When is your manuscript ready for submitting to a literary agent. The truth is, never. But, as I have discovered the hard way, it has to be 99% ready first. This involved some key steps, including:
Read your manuscript out loud, or have it read aloud loud to you. Use the text-to-speech function in MSWord (Review–>Read Aloud). When you hear your book read to you, you get a different perspective and flaws show up immediately.
Work on your proofreading project early in the morning or when your brain and your eyes are the freshest. I like working through a chapter at a time.
When you are happy with the final draft, have a few of your trusted readers review it and give honest feedback. This might include a writers’ circle, book club, etc.
Complete a separate, second pass of proofreading of your manuscript once you have done a thorough editing. Use a professional editor to review your book. If this is too expensive, ask them to review your synopsis, first few chapters, and your query letter. Check out this video:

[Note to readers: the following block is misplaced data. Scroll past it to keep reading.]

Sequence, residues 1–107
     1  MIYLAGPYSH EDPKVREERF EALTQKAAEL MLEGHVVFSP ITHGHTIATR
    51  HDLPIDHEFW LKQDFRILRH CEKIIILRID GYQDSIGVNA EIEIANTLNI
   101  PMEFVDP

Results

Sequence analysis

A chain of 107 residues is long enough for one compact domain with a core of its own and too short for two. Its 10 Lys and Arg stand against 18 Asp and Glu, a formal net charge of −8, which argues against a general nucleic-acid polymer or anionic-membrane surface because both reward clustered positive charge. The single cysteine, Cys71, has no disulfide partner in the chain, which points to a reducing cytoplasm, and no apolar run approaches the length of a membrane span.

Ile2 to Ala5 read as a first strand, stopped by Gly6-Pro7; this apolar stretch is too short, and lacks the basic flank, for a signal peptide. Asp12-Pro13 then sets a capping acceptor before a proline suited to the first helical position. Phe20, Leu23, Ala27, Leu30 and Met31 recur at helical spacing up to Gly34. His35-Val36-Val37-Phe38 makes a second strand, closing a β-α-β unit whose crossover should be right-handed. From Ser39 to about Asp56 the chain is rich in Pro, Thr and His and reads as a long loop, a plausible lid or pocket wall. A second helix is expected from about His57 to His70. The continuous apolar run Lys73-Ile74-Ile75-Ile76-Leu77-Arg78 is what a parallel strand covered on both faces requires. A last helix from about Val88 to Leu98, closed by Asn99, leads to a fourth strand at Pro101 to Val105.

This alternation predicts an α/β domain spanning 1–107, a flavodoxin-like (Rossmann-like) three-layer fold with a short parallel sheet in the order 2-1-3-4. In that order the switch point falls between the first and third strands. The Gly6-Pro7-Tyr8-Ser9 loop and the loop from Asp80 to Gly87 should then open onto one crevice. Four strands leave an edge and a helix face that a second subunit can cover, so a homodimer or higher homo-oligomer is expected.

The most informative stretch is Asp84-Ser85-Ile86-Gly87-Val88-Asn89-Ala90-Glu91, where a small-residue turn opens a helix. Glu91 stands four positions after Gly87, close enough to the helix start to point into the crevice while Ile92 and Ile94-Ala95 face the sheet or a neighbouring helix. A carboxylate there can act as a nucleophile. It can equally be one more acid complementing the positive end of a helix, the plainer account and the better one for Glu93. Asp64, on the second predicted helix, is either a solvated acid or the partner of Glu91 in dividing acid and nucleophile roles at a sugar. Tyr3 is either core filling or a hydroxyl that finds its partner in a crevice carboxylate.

Maggie Shipstead (left) writes, “John Gardner famously wrote that fiction should be a “vivid, continuous dream,” but some readers’ willingness to dream is more robust than others. Some people will shut a book forever at the first sign of an error, their trust in the writer and their suspension of disbelief irrevocably lost. Others will happily read along through almost anything, swallowing the most preposterous plot points, the most egregious anachronisms, and the most glaring inconsistencies…But I think sloppiness is worth trying to avoid, both out of pure principle (why get something wrong when you could get it right?) and because mistakes can be indicative of an author not pressing hard enough on the world she’s building, not making it sturdy enough, settling for a facade.” In her article, Maggie mentions good, or ill-meaning, folks who delighted in pointing out errors in her published work. I had a textbook that was in its 3rd reprint when along came a young student (aka smarty pants) who wrote to my publisher to point out an error, and it was an obvious one—one that escaped the keen eye of editor, writer, proof-reader, etc. How could this happen? In my first novel, the errors kept creeping out of the pages; proof that I was a lousy writer? No matter how hard I tried, the errors were there and my flame-thrower spell checker never seemed to pick them up. When all seemed well, my American spelling lapsed into English spelling; a tense changed within a paragraph, etc. Why all these mistakes? Because, writers, like other humans, are fallible. We get tired. We get over our draft revisions and we long to be rid of the manuscript. My advice to those who find errors? Tell us, but then hide under the bed-covers before we find you and hit you over the head with our revised edition :-).